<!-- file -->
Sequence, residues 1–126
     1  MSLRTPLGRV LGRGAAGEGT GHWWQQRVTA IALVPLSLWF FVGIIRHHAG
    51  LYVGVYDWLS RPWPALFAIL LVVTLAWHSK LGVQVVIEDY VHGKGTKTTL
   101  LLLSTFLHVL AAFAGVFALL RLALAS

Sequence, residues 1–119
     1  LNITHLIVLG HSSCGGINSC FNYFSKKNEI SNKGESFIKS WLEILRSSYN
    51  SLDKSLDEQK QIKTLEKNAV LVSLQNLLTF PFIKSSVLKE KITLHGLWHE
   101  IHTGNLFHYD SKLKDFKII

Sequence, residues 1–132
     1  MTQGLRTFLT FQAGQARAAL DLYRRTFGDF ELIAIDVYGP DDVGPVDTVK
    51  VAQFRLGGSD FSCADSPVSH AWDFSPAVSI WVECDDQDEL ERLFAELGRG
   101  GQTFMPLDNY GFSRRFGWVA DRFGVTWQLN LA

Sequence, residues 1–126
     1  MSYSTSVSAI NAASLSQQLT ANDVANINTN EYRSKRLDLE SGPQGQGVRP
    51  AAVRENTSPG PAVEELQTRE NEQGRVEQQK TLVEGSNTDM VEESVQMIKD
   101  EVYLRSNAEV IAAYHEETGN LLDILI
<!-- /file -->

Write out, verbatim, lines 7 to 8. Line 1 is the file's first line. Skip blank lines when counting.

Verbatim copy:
    51  SLDKSLDEQK QIKTLEKNAV LVSLQNLLTF PFIKSSVLKE KITLHGLWHE
   101  IHTGNLFHYD SKLKDFKII